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If I live on a planet that is heavy enough, would the CMB get blue shifted enough in the atmosphere of this heavy planet, due to gravitational blue-shifting, that the CMB would be in the visible spectrum?

How heavy does this planet need to be relative to Earth?

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    $\begingroup$ Did you try to do a back-of-an-envelope-calculation? $\endgroup$
    – Qmechanic
    Mar 26, 2021 at 7:13
  • $\begingroup$ I like the idea of seeing the cosmic radiation with unaided human eye, but the gravitational method is less practical than the Doppler method. Your best bet is to jump aboard a rocket and accelerate up to $\gamma = 1000$. $\endgroup$ Mar 27, 2021 at 12:42

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The cosmic background radiation has a wavelength about 2000 times longer than visible light. So you would need to be sitting deep in a gravitational well such that local time progresses 2000 times more slowly than distant time. Gravitational time dilation is given by the formula $\sqrt{1-r_\mathrm{S}/r}$ where $r$ is the distance from the center of the (spherical) mass and $r_\mathrm{S} = 2GM/c^2$ is its Schwarzchild radius.

For a time-dilation factor of 1/2000, one would have to be at a radius that exceeds the Schwarzchild radius by one part in 4,000,000. In other words, the object could only be a black hole and you would be barely outside its event horizon. Assuming you are somehow held stationary above the event horizon, you would not survive the gravitational field. The actual mass of the black hole is not specified, it could be large or small.

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    $\begingroup$ The redshift $z$ of the CMB is ~1089 so you "only" need half the time dilation specified above to blueshift the CMB back to the orange glow shown here. Of course, that doesn't make too much difference. According to this answer, a maximally compressed neutron star has $\frac{r_s}{r}\le 0.71$, which equates to $\gamma\approx 1.85$ $\endgroup$
    – PM 2Ring
    Mar 26, 2021 at 7:43
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    $\begingroup$ I thought only tidal forces were survivable or not? Although in this case, you may not survive the acceleration required to stop you dropping into the black hole. $\endgroup$ Mar 26, 2021 at 12:17
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    $\begingroup$ You don't need to be held stationary; "pretend" you're in a stable orbit. Yes, I know you'll have to be a 2-dimensional creature projected onto the sphere of the orbital path to avoid tidal force disaster. $\endgroup$ Mar 26, 2021 at 14:12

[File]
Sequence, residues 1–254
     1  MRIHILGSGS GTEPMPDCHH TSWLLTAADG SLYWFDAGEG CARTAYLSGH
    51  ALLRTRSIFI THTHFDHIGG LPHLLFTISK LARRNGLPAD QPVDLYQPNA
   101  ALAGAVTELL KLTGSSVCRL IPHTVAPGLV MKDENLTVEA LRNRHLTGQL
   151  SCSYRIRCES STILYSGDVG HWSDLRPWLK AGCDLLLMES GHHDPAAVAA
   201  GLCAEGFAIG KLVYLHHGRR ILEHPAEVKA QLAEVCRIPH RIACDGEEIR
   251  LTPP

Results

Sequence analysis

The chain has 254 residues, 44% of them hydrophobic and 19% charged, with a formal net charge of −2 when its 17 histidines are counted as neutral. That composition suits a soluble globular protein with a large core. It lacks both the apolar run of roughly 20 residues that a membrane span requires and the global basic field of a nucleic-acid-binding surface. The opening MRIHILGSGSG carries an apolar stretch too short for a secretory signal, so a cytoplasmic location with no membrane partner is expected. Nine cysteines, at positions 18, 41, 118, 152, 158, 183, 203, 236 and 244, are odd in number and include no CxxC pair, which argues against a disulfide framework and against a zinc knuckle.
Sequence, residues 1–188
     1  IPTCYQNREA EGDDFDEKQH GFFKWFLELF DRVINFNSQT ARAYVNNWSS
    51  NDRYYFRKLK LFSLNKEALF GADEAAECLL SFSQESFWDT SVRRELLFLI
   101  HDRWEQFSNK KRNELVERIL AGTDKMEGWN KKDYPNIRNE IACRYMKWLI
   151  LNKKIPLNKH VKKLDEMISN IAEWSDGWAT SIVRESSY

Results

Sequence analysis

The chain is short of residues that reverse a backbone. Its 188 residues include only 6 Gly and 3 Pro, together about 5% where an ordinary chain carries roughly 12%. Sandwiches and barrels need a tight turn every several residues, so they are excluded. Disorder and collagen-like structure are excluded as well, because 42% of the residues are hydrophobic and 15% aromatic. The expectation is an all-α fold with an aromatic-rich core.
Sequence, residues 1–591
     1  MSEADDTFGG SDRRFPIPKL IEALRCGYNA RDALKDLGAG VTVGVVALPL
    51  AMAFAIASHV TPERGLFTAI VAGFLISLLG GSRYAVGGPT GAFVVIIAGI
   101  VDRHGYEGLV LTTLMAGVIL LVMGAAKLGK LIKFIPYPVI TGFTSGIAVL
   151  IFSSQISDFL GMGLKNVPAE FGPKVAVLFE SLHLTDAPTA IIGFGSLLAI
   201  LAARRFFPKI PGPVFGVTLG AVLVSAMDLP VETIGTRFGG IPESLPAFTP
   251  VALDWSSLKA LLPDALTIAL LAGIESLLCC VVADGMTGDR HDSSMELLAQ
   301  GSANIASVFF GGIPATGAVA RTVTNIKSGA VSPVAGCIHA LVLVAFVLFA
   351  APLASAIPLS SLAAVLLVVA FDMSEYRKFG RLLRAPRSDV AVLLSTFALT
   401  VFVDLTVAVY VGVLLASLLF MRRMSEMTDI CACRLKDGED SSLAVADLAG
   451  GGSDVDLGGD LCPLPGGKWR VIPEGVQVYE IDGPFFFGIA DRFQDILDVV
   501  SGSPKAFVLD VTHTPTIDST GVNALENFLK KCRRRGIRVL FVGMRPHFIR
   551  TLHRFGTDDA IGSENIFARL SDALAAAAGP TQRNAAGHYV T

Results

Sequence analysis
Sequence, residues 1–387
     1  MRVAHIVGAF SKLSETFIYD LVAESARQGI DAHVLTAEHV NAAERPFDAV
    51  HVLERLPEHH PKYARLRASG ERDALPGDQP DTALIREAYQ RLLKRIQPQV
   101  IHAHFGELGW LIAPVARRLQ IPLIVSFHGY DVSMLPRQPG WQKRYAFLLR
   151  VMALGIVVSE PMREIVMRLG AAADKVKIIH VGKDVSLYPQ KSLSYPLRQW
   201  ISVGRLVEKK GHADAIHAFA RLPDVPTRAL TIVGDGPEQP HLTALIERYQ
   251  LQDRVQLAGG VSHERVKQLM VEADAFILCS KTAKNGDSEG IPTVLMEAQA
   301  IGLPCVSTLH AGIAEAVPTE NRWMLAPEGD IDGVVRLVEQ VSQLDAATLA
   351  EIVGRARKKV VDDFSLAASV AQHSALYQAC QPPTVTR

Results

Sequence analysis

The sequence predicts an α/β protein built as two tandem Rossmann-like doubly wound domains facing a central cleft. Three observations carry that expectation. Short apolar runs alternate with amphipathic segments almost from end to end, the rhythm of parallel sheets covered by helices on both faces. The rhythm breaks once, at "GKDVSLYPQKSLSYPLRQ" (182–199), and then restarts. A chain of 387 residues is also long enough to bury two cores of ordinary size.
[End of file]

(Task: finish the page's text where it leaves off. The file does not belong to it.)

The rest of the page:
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    $\begingroup$ What you're decribing kind of feels like lockdown, to be honest. $\endgroup$
    – Strawberry
    Mar 26, 2021 at 16:10
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    $\begingroup$ You're doing this the hard way. Put the planet in a star system just outside a center-of-the-galaxy black hole. $\endgroup$
    – Joshua
    Mar 26, 2021 at 18:48
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The extreme time dilation proposed can only come if you were on a planet that was orbiting a black hole.

The time dilation for a circular orbit around a Schwarzschild black hole is given by $(1 - 3r_s/2)^{1/2}$, where $r_s$ is the Schwarzschild radius.

Thus arbitrarily large time dilations can be achieved as an orbit approaches $1.5 r_s$, and the orbital speed approaches the speed of light.

Such orbits are not stable around a Schwarzschild black hole and in fact there would be no stable circular orbit that could give you the time dilation required. However, stable prograde orbits at $1.5r_s$ could be stable around a spinning black hole and this is the situation envisaged for "Miller's World" in the film "Interstellar". However, the stable orbit needs to be even closer to the event horizon and the black hole needs to be spinning at almost it's maximal value to get to the required time dilation factor.

There is no issue with the "gravity" crushing you, because an orbiting object is in free fall. There could be an issue with tidal forces, but these are not necessarily so extreme if the orbit is around a supermassive black hole exceeding $10^8M_\odot$.

Note that this just considers time dilation and not the Doppler shift. The specific intensity and blueshift of the CMB would be highly beamed in the direction of orbital motion. This additional blueshift means that the orbit need not be quite so extreme to see a spot of visible CMB (though the orbital speed would need to be highly relativistic)

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Going by Buchdahl's Theorem.

If the as the radius of a body approaches $R=\frac{9R_s}{8}$ The pressure inside diverges to infinity.

Since the formula for gravitational Time dilation is $\sqrt{1-r_\mathrm{S}/r}$ This gives a maximum of $\sqrt{1-8/9}=1/3$

In comparisoon, the CMB has wavelengths 2000 longer then visible light.

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